By 1988, Led Zeppelin had been disbanded for the better part of a decade, its members having moved on to solo careers in a show of respect for their fallen drummer John Bonham. But as they'd shown in 1985 with their mini-reunion for Live Aid, they were willing to come together for the right cause.
Frank Zappa is often regarded as one of the most brilliant, idiosyncratic musicians in rock music. But, looking back at his eclectic, monstrous body of work as a composer, guitarist, vocalist, and bandleader, Zappa really wasn't a "rock" musician. That fact is cemented on 'Lumpy Gravy,' Zappa's first official solo album, which was released 45 years ago today (May 13, 1968).
Like many other '70s rock greats, British space-rock pioneers Hawkwind built their legacy on-stage, rather than in the recording studio. On May 11, 1973, the band released their defining masterpiece. 'Space Ritual,' their fourth overall LP and first live album, is a mind-numbing double-album behemoth that captures the Hawkwind experience in all its demented glory.
The Who were approaching the end of the recording sessions for their second concept album, ‘Quadrophenia,’ when Roger Daltrey’s first solo record was released in May 1973. And fans expecting a rock-god epic from the singer were in for a surprise. Unlike Pete Townshend’s and John Entwistle’s solo albums, which sounded enough like Who records if you wanted them to, ‘Daltrey’ was all about distancing the singer from his band.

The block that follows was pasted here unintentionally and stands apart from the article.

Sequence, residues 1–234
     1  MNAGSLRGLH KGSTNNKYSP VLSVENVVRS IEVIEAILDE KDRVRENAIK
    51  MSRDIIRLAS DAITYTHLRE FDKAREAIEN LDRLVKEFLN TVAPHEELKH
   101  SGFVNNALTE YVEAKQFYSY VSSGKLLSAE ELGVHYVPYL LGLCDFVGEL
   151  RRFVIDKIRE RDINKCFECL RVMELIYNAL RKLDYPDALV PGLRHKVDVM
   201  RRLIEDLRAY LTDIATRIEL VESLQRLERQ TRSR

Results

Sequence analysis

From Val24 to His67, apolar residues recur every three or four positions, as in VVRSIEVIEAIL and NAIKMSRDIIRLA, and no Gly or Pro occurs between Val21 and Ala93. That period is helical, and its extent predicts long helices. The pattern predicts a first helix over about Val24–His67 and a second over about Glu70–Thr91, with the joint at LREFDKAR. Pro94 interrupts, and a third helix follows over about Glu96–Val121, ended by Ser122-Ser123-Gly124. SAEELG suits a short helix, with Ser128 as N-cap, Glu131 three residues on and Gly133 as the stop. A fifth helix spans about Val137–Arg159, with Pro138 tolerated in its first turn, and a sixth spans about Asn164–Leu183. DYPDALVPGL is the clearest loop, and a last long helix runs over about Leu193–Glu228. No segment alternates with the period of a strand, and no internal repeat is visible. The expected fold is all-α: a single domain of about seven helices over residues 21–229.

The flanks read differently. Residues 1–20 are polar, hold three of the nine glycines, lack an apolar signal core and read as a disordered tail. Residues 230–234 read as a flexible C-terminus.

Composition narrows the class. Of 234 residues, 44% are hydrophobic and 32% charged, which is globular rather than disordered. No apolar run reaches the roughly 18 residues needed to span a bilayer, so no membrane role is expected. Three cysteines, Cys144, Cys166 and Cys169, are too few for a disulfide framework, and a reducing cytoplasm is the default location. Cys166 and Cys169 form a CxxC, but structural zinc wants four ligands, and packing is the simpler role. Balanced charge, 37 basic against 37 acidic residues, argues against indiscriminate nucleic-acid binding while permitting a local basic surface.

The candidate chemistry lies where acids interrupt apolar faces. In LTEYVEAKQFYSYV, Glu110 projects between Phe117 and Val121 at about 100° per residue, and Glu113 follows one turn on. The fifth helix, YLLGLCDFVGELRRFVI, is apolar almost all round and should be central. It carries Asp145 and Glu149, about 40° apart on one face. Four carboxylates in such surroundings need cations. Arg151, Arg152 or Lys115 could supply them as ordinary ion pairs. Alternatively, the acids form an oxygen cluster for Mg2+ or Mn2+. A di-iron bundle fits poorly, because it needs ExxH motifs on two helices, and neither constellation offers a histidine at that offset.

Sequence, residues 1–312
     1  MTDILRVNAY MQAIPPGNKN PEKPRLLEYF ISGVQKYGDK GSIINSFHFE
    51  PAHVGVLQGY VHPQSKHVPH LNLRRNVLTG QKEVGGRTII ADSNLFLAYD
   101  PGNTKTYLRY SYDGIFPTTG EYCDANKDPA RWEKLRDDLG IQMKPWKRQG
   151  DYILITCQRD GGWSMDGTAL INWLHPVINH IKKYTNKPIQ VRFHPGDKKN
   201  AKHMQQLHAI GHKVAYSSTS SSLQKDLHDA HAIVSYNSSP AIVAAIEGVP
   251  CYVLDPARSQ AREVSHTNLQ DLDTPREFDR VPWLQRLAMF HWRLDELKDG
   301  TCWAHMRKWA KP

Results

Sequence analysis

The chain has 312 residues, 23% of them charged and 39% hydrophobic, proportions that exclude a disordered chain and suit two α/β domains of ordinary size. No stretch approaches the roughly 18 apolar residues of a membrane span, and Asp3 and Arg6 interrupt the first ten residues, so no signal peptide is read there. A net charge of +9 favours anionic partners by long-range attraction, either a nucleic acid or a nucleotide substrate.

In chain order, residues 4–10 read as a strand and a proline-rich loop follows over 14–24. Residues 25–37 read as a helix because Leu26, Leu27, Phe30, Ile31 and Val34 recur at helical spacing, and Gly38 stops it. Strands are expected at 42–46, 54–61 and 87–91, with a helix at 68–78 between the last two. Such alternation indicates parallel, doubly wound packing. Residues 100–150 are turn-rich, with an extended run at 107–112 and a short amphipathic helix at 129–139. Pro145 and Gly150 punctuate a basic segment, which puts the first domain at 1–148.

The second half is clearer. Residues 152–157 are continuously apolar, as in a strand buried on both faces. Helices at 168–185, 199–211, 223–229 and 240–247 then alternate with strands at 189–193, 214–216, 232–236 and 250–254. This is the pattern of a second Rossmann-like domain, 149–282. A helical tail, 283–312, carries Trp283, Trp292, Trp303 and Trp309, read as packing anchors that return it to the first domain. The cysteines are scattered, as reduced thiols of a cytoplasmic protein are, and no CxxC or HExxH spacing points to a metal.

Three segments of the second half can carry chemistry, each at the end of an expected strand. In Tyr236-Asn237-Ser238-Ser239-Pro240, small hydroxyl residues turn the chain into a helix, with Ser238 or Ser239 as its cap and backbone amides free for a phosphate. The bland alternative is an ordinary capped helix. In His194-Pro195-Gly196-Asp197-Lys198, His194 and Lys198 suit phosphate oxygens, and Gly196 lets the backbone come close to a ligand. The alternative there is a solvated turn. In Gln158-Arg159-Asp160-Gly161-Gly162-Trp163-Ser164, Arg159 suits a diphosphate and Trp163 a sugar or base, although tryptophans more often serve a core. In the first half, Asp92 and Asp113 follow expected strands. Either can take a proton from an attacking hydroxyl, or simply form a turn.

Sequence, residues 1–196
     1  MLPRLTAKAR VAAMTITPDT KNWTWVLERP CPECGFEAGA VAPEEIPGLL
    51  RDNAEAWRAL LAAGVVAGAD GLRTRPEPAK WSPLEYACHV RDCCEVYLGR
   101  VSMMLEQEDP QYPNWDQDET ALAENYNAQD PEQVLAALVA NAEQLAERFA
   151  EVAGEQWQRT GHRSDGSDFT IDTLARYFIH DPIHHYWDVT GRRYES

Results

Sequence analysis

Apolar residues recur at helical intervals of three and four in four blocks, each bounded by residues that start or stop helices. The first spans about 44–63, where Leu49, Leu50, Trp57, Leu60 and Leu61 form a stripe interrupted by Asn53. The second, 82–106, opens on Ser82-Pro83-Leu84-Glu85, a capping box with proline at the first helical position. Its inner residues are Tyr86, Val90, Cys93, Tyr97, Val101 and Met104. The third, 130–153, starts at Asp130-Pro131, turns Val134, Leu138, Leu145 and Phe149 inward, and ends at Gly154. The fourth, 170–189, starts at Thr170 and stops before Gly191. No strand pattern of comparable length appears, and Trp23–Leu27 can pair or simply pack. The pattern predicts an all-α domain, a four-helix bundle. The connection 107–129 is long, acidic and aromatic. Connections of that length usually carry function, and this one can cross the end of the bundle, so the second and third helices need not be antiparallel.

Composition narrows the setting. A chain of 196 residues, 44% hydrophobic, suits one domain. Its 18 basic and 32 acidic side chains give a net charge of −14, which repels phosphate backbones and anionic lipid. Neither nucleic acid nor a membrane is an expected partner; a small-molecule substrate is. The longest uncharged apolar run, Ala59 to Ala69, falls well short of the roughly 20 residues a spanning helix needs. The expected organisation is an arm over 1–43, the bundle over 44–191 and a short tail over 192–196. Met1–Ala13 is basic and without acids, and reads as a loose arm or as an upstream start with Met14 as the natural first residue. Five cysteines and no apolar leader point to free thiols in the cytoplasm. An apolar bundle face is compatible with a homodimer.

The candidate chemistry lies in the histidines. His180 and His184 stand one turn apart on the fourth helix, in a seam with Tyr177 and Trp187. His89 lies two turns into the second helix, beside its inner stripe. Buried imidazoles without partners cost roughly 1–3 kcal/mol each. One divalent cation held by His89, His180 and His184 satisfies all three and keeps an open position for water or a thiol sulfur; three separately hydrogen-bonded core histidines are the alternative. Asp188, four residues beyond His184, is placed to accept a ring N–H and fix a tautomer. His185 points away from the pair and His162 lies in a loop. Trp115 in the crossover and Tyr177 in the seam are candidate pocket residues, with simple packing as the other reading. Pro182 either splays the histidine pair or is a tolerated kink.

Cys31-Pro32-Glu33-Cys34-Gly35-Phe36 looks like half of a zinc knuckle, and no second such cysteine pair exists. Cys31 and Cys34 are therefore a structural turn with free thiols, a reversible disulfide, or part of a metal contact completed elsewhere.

‘Let It Be’ was supposed to be the album that would bring the Beatles back together. After an increasingly fractious couple of years that culminated in 1968’s self-titled (‘White’) album, which was basically four solo records for the price of a double LP, the four Beatles holed themselves up in London’s Twickenham Film Studios, and then at Apple Studios, during the first month of 1969 to re-spark their dying flame. No outside visitors, no BS -- just four guys hanging around playing music. Just like the old days. They called it ‘Get Back.’
On May 6, 1973 in Boston, Paul Simon kicked off his first tour as a solo artist. He and longtime partner in musical splendor Art Garfunkel parted ways in 1970 following a highly successful run as pop's premier duo. The Simon & Garfunkel musical relationship dated back to 1957 as Tom & Jerry, but it wasn't until the 1965 single of 'The Sounds Of Silence' that the gates swung open. Their final album, 'Bridge Over Troubled Water,' was released in early 1970, and despite its huge success, time had frayed the duo and they split.
Buffalo Springfield were always a house of cards caught in a hurricane. Neil Young was -- and still is -- famous for going wherever his muse takes him, others be damned. From the band's earliest days Young had issues to deal with, including the onset of epilepsy, constant drug use, and apprehension about the band management and the music business in general. On May 5, 1968, Buffalo Springfield gave their final performance as a group.